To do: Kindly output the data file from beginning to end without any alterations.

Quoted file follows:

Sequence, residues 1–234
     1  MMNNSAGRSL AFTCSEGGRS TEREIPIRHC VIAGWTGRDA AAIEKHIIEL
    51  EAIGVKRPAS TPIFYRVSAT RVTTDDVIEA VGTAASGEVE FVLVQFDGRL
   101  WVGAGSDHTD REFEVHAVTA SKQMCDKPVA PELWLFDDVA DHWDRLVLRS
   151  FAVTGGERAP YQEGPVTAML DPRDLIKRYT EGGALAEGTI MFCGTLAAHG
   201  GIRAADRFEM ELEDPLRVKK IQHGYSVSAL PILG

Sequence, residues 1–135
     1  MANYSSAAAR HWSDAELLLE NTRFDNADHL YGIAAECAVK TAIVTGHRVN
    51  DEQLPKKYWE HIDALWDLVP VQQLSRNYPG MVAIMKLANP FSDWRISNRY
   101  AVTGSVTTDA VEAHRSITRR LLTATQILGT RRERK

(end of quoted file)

Sequence, residues 1–234
     1  MMNNSAGRSL AFTCSEGGRS TEREIPIRHC VIAGWTGRDA AAIEKHIIEL
    51  EAIGVKRPAS TPIFYRVSAT RVTTDDVIEA VGTAASGEVE FVLVQFDGRL
   101  WVGAGSDHTD REFEVHAVTA SKQMCDKPVA PELWLFDDVA DHWDRLVLRS
   151  FAVTGGERAP YQEGPVTAML DPRDLIKRYT EGGALAEGTI MFCGTLAAHG
   201  GIRAADRFEM ELEDPLRVKK IQHGYSVSAL PILG

Sequence, residues 1–135
     1  MANYSSAAAR HWSDAELLLE NTRFDNADHL YGIAAECAVK TAIVTGHRVN
    51  DEQLPKKYWE HIDALWDLVP VQQLSRNYPG MVAIMKLANP FSDWRISNRY
   101  AVTGSVTTDA VEAHRSITRR LLTATQILGT RRERK